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Work has Begun on Net Zero Energy Building

The Lombardo Welcome Center will soon be a reality.

Work is now underway on Millersville University’s (MU) first net zero energy building, the Lombardo Welcome Center. The building is named for Samuel N. Lombardo and his wife, Dena. The couple gave Millersville University a $1.2-million gift to help build the welcome center.

While there is only minor work being done currently, project manager, Steve Strock says things will start happening quickly this spring.

The building will serve as the welcome center for the University which hosts thousands of prospective students and visitors each year. Construction on the project is expected to be completed late this year.

A net zero building is a facility that makes as much (or more) energy than it uses each year.  The Lombardo Welcome Center will have solar panels on the roof and mounted next to the building to generate energy.  Even though they make energy, net zero buildings are still connected to the electricity grid.  The building will use the grid energy at night, when the solar panels aren’t producing energy. In the winter, the building will often use more energy to keep the building warmer than the solar panels can generate. Geothermal wells also provide a very efficient heating and cooling solution for the facility. The building will use energy from the grid at times, but the annual energy generated will offset grid usage.

The total cost of the project is expected to be a little over $7.5 million dollars. The new building will be approximately 14,627 sq. ft. Some of the unique features of the building include:

  • Approximately 560 solar panels used to generate electricity
  • Special glass on the south side of the building that also generates electricity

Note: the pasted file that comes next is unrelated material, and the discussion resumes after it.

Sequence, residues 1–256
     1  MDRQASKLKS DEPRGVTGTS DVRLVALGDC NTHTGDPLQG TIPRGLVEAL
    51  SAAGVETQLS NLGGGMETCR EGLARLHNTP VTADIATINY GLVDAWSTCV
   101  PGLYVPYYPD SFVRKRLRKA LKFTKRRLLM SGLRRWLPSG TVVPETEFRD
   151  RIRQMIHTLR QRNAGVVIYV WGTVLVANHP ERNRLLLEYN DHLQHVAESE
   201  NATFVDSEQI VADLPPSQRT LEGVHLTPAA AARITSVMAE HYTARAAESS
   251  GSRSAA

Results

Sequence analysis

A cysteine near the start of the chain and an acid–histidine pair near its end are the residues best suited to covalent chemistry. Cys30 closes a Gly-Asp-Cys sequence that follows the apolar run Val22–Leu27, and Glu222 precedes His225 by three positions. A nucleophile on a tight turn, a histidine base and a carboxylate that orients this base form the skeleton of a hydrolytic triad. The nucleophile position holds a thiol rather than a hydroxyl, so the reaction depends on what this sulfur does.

• Heating and cooling from 20 geothermal wells drilled 400 feet deep
  • Radiant floor heating in the lobby will help improve comfort and save energy
  • Energy saving LED light fixtures throughout the building
  • “Smart” controls for lighting and mechanics that can turn off lights or let the temperature drift in unoccupied offices
  • Low flow water fixtures that help minimize the amount of hot water needed
  • Energy metering throughout the building allows everyone to see how much energy is used on things like lighting, heating, cooling, and plug-in equipment
  • Information on how much energy is used and how much energy is made will be available on monitors in the lobby so everyone can see how the building is performing

An engineering team with experience in net zero building design was hired to guide the project on the net zero energy side of design. Guidance included careful design of the building envelope, mechanical, electrical and plumbing systems. Systems were carefully selected for this project but are not anticipated to require more maintenance than systems on other campus buildings.

For more information on this project and other sustainability efforts at MU, visit http://www.millersville.edu/sustainability/.

 

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